Open the vents to let the smoke circulate. Because you want “fresh” smoke to circulate inside the smoker, you need places for the smoke to escape—by opening a vent, for example. On my homemade smoker, I found that there was a small “chimney” built into and through the oven and that was usually ample ventilation. I would also leave the oven door slightly ajar to let heat and smoke escape if the oven was getting too hot or if I felt there was too much smoke. How much smoke is too much? I can’t give a precise answer, but I’ve always said that it doesn’t take that much smoke to flavor the fish. You’ll need to experiment to learn how much smoke you like.
Gradually increase the temperature inside the smoker over the course of the day so that during the last hour or so it hovers between 150° and 160°F.
Smoke the salmon until it reaches an internal temperature of 145°F in its thickest part, which will take eight to ten hours. According to the Food & Drug Administration, it’s safer to hold the salmon at 145°F for a half hour to be sure any bacteria have been killed, and this is what I do in my professional operation. On a home smoker, it can be hard to keep the salmon at 145°F, and you run the risk of overcooking it, especially in its thinner parts. I smoked salmon at home for years, bringing it to just 140°F before taking it out; I never had any trouble, and I always had moist, tender fish.
The duration of smoking depends on the weather and the size of the salmon. I’ve never cooked a batch in less than eight hours; ten hours is more the norm. If the weather turns ugly, keep in mind that you can finish the salmon inside in a very low oven.
Remove the fillets (still on the rack on which they cooked) and let them rest in a cool area, elevated so air can circulate around them (bricks or overturned coffee cups can work as heatproof legs). After an hour or so, carefully remove the salmon from the rack. The salmon’s skin side will likely be stuck to the rack. To avoid tearing the fish, run your fingers between the grates on the rack, pressing into the fillet wherever the flesh sunk between the metal of the rack. Wrap the fillets in plastic and refrigerate overnight; the salmon slices better when fully cooled.
Day 3: Slice and eat
Hot-smoked salmon doesn’t slice the way that cold-smoked does. Instead, you get thicker slices or chunks that flake apart like conventionally cooked salmon. There will be an outer crust that can make slicing difficult, but a sharp knife, especially a hollow-edged slicing knife (often called a ham knife) ought to do the job.
A whole smoked fillet makes a stunning presentation by itself and will disappear at any occasion. I also like smoked salmon in scrambled eggs, in salads, and in pasta dishes. Smoked salmon must be refrigerated—though you don’t want to serve it too cold straight out of the refrigerator—and will keep for at least ten days, but it’s so good, it’s unlikely to be around that long.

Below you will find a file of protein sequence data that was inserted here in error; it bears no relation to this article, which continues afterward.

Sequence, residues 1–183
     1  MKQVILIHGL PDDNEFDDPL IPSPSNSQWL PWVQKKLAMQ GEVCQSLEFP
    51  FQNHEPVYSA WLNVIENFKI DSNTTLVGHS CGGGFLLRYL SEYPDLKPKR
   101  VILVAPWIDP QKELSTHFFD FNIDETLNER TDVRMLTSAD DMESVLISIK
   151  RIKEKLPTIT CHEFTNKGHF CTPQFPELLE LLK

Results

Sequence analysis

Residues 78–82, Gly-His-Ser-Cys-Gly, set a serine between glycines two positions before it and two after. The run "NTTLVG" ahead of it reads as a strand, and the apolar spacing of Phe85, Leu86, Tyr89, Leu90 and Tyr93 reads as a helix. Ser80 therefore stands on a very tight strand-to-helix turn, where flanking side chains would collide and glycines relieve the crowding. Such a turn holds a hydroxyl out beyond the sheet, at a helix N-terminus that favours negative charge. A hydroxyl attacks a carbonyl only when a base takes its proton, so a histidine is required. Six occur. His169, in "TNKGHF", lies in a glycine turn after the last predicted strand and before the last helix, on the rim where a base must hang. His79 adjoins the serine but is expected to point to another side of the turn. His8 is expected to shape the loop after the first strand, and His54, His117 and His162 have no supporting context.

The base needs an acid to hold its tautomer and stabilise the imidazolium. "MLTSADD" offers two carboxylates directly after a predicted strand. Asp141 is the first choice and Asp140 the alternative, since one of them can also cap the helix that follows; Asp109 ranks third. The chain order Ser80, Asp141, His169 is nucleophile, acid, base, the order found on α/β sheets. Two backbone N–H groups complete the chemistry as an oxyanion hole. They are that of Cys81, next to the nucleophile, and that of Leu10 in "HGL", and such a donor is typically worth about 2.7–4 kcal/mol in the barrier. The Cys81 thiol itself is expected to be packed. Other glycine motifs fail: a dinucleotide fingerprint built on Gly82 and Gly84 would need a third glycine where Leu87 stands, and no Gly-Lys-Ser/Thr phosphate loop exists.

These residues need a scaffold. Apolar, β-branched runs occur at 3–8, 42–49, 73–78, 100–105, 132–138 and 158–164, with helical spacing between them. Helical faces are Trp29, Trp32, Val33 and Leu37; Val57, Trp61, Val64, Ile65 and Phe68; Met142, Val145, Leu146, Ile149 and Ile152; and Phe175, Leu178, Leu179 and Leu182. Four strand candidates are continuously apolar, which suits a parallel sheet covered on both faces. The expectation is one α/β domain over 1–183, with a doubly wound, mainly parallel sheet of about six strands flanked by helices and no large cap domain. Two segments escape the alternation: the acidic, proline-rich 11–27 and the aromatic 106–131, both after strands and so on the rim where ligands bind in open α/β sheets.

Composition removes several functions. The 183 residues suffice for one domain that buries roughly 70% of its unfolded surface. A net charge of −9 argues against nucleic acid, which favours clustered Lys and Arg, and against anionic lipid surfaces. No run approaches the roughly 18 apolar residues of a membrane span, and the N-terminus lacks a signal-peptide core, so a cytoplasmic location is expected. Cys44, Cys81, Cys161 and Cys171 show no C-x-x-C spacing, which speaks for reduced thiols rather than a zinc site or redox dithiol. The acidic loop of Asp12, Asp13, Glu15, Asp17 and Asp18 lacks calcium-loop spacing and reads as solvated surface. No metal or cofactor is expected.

Make your own smoker
I love smoking salmon so much, and had so many requests from friends, that I built my own superefficient, inexpensive smoker using an old oven and a hotplate. Here’s how.
I bought an ordinary, used electric range at a local appliance store. (Call the store owner to see if you can get your hands on an old one before it gets turned into scrap metal.) Look for an oven that has stainless-steel racks in good condition and a bottom drawer that can be cleaned up easily.
To start, remove all burners inside the oven, as well as the cover that holds the electric burners. (I took out everything electric, even the clock.) Drill a small hole into the face of the drawer for the cord of the hotplate to fit through. Cut a hole about the circumference of a grapefruit directly through the bottom of the oven to the drawer below (I used an electric saw). Fit a cylinder of duct piping around the inside of the hole. Fashion a top for the piping that allows the free flow of hot air and smoke into the oven above it but prevents fish oil from dripping onto your heated wood chips, which will be in a cast-iron skillet on the hotplate in the drawer below. I made a series of 2-inch cuts in the top of the pipe and then bent the edges back. I then capped the notched pipe with a foil-lined tray.
The stove belongs outside on a solid, dry base, preferably under a carport or patio roof. Or, if you’re really handy, you can build a simple wooden enclosure to both hide the smoker—it’s efficient, but it ain’t pretty—and keep it out of the rain.
The folks at Fine Cooking rigged a temporary version using a kettle grill and a hotplate. Here’s how:
Set a metal-housed hotplate on the bottom grate to one side, running the cord thorough the grill’s air vent on the bottom. Position some heavy-duty foil around the side of the hotplate to keep fish oil from dripping on it. Fill a small cast-iron pan with wood chips. Situate the grill’s top grate so that the hinged side that allows you to add coals to the fire is over the hotplate; this will let you reach the thermostat. The salmon goes on the other side of the top grate, as far from the hotplate as possible.
An important note: If you jury-rig your own smoker, it’s up to you to ensure that it will work safely.